Soak away

Written by: The Bridge on Tuesday, September 9th, 2008

Here in Palmgrove one ends up finding many different ways of constructing things.  One that contrasts a lot with what I am used to is the Soak Away.  It really isn’t anything new.  It’s what professionals might call a septic field tank.  It is a big cement tank in the ground where the sewer of the house goes to.  The sewage soaks away directly from the tank into the ground around it.  That is because the ground around here is all sand which absorbs water really well.  In the time I’ve been here, I have never seen a situation where there was a puddle of water that wouldn’t be gone the next day.  This tank is purposely constructed so the water can seep right through it and that way they don’t need to make a sewage lagoon or plumb a septic tank.  Here in Palmgrove they decided they needed a second Soak Away for the big Idiong House they are building.

When thy first start with a Soak Away, they have to start with the blocks.  These blocks are mixed and poured in a shaded area because it is very labor intensive.  They are made with mostly sand, a little bit of cement and almost no water in it.  This is done so that the blocks can be removed from the forms as soon as the mixture has been packed into the form.  These blocks are very weak to say the least.

As mentioned above, blocks need sand and cement.  It goes without saying that cement has to be bought and one bag of cement costs about $18 USD.  The sand has to be special river bottom sand which has to be brought in with a “tipper” truck.  The river sand is washed and so it is very clean with no organic matter.  The cement, sand, labor for making the blocks and the delivery of the materials can cost quite a lot.  It is very important that a person only starts making a Soak Away if there is  enough money to make enough blocks.  This is often ignored as is evident by all the unfinished buildings one sees in Nigeria.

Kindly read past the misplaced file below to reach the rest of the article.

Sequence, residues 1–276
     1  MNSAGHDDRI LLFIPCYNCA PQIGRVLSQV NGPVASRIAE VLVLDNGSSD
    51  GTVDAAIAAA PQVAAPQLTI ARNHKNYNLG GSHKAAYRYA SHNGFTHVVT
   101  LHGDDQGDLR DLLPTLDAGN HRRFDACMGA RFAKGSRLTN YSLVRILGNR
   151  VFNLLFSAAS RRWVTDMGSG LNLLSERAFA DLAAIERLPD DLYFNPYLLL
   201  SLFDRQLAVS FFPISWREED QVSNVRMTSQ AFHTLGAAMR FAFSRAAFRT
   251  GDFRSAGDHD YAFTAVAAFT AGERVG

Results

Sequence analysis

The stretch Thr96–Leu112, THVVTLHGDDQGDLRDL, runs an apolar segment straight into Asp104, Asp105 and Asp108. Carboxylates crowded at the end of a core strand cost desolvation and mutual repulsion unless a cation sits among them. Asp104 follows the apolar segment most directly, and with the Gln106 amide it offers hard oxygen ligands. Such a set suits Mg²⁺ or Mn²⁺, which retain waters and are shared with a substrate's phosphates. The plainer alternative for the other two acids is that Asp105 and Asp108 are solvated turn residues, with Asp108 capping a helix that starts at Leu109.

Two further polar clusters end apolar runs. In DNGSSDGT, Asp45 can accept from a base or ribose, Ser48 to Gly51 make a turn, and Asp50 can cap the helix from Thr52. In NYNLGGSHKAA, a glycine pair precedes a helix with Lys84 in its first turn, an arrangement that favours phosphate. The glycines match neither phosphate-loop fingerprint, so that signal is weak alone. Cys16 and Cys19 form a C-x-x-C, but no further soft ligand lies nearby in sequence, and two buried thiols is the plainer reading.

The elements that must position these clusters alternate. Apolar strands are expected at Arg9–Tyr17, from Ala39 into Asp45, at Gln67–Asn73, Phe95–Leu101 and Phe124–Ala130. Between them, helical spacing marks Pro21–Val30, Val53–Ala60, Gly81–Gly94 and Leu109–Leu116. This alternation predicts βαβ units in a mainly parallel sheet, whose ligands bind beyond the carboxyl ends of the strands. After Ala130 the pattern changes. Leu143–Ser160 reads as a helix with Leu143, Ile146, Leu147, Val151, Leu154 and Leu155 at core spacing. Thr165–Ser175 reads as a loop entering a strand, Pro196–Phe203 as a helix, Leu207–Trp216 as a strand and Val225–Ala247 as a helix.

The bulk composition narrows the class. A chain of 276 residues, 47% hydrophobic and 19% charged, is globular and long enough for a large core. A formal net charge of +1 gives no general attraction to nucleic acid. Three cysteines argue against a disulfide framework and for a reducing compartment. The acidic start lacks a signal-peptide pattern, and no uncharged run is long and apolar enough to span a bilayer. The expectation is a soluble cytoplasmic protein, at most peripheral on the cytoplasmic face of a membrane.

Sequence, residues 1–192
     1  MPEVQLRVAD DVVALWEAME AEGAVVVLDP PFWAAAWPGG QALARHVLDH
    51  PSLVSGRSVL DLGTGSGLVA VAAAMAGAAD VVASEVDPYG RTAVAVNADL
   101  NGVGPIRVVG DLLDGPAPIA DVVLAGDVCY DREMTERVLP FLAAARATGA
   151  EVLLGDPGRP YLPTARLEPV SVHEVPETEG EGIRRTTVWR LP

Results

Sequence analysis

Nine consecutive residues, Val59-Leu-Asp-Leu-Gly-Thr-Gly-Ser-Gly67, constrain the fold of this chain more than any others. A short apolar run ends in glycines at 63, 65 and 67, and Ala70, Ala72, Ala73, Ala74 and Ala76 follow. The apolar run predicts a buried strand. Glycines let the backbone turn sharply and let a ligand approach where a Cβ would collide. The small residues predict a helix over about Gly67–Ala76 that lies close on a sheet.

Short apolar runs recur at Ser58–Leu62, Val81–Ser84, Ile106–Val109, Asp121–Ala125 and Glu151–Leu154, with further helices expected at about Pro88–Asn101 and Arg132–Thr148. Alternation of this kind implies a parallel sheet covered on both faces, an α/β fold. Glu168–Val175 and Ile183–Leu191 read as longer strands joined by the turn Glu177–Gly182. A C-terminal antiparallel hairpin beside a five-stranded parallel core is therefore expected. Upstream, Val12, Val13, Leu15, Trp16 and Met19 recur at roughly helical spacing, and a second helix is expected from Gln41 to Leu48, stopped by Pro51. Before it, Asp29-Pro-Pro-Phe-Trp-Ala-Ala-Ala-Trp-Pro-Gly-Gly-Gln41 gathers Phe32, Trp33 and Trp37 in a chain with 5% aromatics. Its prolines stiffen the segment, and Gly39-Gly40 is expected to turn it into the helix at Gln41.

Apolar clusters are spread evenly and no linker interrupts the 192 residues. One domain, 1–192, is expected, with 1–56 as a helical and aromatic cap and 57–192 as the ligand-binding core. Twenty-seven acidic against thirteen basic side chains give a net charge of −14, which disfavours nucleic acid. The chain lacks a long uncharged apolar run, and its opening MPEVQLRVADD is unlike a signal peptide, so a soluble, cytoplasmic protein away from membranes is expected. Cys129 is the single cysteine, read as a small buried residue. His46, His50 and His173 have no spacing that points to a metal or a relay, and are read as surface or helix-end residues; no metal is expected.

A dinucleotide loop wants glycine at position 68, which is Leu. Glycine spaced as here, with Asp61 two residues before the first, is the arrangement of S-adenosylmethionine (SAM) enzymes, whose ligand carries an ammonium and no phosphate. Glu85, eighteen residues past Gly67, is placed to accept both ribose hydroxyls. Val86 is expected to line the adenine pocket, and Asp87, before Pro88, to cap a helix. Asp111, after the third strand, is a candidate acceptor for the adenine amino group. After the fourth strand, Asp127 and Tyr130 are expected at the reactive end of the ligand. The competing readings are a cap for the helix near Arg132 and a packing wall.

After all the blocks have been made, a hole is usually dug by hand.  This is quite the job.  It requires a lot of sweat, shoveling, standing around, talking, eating garry, drinking palm wine, and doing everything all over again if it rains in the night.  And rain it did.  The boys in Palmgrove would dig valiantly for half a day while the sand caved in almost as fast as they dug.  At one point I wondered how much sand they would have to shovel before they would realized that they needed boys at the top to shovel away the sand so the weight wouldn’t make the sand slide in from the pressure on top. Eventually they did just that and they were able to make more progress.  At least till it started to rain. It rained for two days and washed a lot of sand down the hole again.   It took a lot of additional shoveling before they reached the required fourteen foot depth. After the pit has been dug, the blocks are mortared into place.